A painter’s life far from the madding crowd.
M’Liz Keefe pursues the time-honored tradition of land- and seascape painting on Fogo Island, a tiny fishing community off the coast of Labrador and Newfoundland. For most of her career—which she’s pursued in Hoboken, NJ, and Taos, NM, as well as on the Canadian coast—she has been drawn to vast empty landscapes that speak of the geological erosion of the earth’s surface through time. She works with oils, ashes from wood stoves, powdered pigments, wax and another materials, which are built up in a long process of application, leading to a thick and heavily textured surface.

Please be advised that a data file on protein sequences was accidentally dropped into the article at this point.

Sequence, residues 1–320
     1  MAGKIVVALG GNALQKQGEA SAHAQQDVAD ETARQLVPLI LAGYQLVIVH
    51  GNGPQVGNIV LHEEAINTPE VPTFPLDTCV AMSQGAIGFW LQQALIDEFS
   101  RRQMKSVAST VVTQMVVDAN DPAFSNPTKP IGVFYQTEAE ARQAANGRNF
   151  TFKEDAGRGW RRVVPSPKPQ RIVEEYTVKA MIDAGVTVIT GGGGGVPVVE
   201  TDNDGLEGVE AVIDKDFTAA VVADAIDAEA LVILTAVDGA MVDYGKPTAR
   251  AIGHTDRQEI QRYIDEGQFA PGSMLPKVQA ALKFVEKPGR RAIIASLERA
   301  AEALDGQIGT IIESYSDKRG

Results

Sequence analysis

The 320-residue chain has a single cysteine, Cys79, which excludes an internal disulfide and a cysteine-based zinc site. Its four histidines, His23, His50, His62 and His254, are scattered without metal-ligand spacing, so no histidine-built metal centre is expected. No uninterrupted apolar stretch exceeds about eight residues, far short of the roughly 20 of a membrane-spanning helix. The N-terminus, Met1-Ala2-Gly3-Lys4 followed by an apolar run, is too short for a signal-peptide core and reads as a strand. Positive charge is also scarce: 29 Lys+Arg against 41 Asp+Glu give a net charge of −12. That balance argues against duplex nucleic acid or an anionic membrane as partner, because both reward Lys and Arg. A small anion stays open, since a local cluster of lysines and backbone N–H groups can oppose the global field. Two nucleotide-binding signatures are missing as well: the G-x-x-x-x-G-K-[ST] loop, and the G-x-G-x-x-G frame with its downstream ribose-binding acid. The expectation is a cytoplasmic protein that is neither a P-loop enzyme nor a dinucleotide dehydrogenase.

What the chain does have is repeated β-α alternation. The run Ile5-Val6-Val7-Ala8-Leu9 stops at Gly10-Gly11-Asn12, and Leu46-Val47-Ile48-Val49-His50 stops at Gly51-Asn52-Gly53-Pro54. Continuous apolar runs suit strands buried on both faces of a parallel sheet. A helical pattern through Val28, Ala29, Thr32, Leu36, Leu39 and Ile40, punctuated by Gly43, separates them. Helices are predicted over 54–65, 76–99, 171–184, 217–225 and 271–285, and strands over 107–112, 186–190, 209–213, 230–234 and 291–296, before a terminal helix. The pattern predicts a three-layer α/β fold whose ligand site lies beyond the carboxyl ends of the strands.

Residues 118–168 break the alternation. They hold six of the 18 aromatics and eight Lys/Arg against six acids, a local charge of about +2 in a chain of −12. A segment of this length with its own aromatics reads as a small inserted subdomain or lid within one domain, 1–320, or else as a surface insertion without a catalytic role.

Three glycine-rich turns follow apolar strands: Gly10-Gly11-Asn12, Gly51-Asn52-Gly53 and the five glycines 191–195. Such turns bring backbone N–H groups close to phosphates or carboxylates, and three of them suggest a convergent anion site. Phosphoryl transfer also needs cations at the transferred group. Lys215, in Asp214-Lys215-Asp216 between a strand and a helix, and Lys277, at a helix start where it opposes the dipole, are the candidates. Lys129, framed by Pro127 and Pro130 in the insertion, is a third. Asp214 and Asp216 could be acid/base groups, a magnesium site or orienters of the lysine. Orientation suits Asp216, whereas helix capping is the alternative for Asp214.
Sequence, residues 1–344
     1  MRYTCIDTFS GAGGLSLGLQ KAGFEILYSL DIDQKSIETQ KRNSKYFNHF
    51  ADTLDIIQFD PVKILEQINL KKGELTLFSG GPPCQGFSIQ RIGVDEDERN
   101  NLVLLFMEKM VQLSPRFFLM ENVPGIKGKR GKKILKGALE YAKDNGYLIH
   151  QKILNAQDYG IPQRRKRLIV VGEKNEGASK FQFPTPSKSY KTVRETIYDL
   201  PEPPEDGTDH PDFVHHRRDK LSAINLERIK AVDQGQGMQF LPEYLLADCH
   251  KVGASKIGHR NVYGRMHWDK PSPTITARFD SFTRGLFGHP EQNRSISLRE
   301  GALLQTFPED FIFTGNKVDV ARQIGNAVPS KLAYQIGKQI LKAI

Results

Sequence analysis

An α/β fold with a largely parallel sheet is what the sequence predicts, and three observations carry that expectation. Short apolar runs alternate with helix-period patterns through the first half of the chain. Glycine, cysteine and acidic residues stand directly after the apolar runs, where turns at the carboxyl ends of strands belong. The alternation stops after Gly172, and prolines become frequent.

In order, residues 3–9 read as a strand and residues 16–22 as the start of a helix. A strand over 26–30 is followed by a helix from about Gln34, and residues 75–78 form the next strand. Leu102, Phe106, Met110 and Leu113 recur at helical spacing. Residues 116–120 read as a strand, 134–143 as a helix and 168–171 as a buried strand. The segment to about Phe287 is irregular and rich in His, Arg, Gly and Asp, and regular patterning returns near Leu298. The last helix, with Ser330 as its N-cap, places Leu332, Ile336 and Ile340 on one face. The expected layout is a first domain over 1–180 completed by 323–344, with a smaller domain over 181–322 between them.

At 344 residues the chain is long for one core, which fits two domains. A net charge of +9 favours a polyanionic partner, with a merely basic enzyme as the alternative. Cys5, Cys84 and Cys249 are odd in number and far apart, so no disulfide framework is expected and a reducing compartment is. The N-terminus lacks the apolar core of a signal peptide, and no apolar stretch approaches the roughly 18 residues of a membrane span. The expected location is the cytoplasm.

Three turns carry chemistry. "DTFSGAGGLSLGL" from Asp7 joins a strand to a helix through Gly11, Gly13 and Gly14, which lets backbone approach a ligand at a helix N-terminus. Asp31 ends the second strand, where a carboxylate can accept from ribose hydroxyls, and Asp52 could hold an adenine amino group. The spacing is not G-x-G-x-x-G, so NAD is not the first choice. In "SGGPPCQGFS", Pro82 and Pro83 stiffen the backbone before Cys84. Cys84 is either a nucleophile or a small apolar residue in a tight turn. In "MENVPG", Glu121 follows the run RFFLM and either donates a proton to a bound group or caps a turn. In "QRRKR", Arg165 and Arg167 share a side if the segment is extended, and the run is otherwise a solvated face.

In the last few years, following a residency on Fogo, Keefe has dedicated herself to painting the ocean in oil and wax. “I am now fascinated and absorbed by the ocean’s repetitive life,” she says, “its changes at once subtle and drastic, its loneliness and its own fecund nature with a life underneath the surface, remaining mostly hidden.” Keefe will tell us about life in this unusual community, her crowd-sourcing campaign to fund her time on the island, her early years in New York, and how her brother’s untimely death affected her art.